Convert amps to kVA effortlessly with our reliable calculator. A must-have for electrical engineers and power system analysts.

**Amps:** Amps measure the flow of electricity as an electrical current. Specifically, it quantifies the number of electrons passing a certain point per second.

One Ampere is defined as the current that flows with an electric charge of one Coulomb per second.

**Kilovolt-amp (kVA):** The unit kVA (kilovolt-amperes) is the power associated with electric current. One kilo-volt-ampere is equal to 1000 volt-amperes.

kVA is calculated as the square root of 3 (1.732) times amps times volts, divided by 1000. The volt-amp rating is the kilowatt rating determined at the unity power factor (V.A = watts / power factor).

**Why kVA?** The kVA rating of a device helps determine the amount of energy it can supply to the connected load. Transformers, for instance, have copper and iron losses.

The copper loss depends on current, and the iron loss depends on voltage. Neither depends on the power factor. The kVA rating is crucial for understanding these losses.

**Single-phase:** Comes to homes with two wires—active and neutral. The neutral wire is connected to the earth at the switchboard.

**Three-phase:** Has four wires—three actives (phases) and one neutral. The neutral wire is earthed at the switchboard.

**About Amps to kVA Calculator:** The Amps to kVA calculator is an online tool that converts amps and voltage to kilovolts-amps. It's simple to use, requiring you to enter values in the provided text fields.

After entering values, clicking the calculate tab performs the conversion. The reset tab erases previous entries for new calculations.

$S\left(kVA\right)=\frac{I\left(A\right)\times V\left(V\right)}{1000}$

The apparent power (S) in kilovolt-amps is equal to current (I) in amps times voltage (V) in volts, divided by 1000.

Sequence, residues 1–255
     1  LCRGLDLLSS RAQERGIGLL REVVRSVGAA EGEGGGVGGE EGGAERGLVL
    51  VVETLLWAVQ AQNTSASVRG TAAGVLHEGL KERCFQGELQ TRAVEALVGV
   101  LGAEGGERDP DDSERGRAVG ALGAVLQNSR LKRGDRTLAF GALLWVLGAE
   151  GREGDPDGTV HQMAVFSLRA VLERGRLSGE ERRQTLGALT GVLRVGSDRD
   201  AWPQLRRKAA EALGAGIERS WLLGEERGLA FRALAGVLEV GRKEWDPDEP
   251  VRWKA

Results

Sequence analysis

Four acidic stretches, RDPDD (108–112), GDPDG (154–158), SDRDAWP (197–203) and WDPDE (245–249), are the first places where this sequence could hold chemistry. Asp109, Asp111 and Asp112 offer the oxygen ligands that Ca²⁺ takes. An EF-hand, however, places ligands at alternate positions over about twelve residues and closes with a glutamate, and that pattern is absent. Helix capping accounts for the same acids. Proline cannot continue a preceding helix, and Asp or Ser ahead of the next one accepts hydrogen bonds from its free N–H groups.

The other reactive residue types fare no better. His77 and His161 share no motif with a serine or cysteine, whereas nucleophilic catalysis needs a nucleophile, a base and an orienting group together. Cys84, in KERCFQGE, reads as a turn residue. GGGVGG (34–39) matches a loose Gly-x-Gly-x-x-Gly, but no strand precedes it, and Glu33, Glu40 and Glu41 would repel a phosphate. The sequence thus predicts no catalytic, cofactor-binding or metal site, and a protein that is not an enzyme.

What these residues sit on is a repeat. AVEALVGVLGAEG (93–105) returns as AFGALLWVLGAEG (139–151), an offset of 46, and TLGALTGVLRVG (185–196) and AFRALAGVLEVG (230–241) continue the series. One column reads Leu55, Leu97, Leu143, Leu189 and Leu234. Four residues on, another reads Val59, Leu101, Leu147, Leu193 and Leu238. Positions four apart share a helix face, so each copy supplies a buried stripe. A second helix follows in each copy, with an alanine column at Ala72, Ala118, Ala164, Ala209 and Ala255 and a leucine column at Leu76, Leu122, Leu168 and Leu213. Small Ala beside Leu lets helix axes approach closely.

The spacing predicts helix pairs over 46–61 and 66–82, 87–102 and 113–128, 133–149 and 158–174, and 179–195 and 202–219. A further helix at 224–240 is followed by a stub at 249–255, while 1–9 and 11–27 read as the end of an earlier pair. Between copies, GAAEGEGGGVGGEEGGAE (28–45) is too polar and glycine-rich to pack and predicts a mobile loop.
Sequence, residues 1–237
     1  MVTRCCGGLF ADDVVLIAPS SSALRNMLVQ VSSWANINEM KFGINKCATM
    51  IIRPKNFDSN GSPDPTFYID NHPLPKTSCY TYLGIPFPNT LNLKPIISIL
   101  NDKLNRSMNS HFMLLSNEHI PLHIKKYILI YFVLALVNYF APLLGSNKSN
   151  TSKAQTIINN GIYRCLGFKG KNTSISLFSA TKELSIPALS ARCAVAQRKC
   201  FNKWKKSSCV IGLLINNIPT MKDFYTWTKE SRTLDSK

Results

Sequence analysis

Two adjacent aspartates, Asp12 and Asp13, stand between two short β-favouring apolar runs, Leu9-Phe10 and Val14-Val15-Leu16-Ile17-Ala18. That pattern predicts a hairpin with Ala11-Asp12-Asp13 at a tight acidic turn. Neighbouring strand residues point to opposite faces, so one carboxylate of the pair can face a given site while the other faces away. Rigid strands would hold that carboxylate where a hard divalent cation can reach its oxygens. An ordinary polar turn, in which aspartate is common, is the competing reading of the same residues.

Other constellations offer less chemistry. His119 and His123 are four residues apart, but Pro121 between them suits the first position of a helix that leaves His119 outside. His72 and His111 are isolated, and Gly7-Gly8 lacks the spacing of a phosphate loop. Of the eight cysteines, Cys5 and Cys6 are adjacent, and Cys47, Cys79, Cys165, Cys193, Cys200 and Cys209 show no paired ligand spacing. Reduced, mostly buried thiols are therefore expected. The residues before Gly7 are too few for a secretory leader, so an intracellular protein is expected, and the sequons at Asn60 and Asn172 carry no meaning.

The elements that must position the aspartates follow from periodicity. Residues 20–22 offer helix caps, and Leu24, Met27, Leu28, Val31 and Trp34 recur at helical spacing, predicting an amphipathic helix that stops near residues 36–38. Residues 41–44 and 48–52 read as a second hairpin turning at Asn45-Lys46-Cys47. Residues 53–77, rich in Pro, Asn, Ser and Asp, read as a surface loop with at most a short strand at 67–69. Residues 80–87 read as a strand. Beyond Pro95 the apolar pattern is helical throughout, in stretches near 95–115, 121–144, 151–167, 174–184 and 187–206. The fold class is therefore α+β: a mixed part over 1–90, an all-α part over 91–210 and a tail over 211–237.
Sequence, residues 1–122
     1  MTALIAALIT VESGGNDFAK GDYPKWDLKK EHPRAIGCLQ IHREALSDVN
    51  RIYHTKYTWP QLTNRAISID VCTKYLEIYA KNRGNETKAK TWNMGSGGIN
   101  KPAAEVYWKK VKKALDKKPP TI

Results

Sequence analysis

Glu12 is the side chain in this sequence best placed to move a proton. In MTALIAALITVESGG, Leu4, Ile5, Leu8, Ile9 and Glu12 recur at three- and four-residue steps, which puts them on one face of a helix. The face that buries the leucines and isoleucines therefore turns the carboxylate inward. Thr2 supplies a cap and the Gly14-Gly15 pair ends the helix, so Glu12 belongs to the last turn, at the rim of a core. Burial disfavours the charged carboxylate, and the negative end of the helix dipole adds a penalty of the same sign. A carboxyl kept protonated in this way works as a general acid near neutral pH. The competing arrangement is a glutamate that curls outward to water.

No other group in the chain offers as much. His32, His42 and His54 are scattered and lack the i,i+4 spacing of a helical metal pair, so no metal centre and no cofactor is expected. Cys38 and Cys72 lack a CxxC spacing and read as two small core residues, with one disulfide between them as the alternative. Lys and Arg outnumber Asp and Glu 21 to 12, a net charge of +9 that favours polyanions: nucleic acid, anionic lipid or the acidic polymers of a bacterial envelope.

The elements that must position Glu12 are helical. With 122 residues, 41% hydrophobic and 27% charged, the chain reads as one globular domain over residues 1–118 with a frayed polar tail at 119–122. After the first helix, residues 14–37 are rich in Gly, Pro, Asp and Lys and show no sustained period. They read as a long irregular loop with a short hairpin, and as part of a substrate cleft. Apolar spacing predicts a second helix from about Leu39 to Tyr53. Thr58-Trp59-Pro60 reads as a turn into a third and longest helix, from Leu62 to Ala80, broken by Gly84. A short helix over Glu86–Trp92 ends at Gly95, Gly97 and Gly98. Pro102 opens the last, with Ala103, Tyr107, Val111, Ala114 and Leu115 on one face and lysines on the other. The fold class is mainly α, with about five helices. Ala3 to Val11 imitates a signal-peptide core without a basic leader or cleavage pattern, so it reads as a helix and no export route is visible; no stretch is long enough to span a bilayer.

$S\left(kVA\right)=\frac{\sqrt{3}\times I\left(A\right)\times {V}_{L-L}\left(V\right)}{1000}$

The apparent power in kilovolt-amps is equal to phase current (I) in amps times line-to-line RMS voltage (V L−L) in volts, divided by 1000.

$S\left(kVA\right)=\frac{3\times I\left(A\right)\times {V}_{L-N}\left(V\right)}{1000}$

The apparent power in kilovolt-amps is equal to phase current (I) in amps times line-to-neutral RMS voltage (V L−N) in volts, divided by 1000.

Converting Amps to kVA is essential for understanding the apparent power in an electrical system. It helps in sizing and rating electrical equipment accurately, especially in scenarios where the power factor varies.

Knowing the kVA rating is crucial for assessing the capacity of devices like transformers and ensuring efficient power distribution.

The calculator accommodates both single-phase and three-phase systems. Users can select the phase type (single or three) and input the corresponding current and voltage values.

The calculator then applies the appropriate formulas for each phase, providing accurate conversions in kilovolt-amperes (kVA).

Transformers have copper and iron losses, where copper loss depends on current and iron loss depends on voltage. The power factor does not influence these losses.

The kVA rating is crucial in determining the transformer's ability to handle these losses and supply power efficiently. It provides a comprehensive understanding of the transformer's capacity under various conditions.

The result in kVA represents the apparent power in the electrical system. It includes both real power (in kilowatts) and reactive power. Understanding this value is crucial for sizing generators, transformers, and other equipment.

It provides insight into the total power requirements and ensures that electrical systems can meet the demands of connected loads effectively.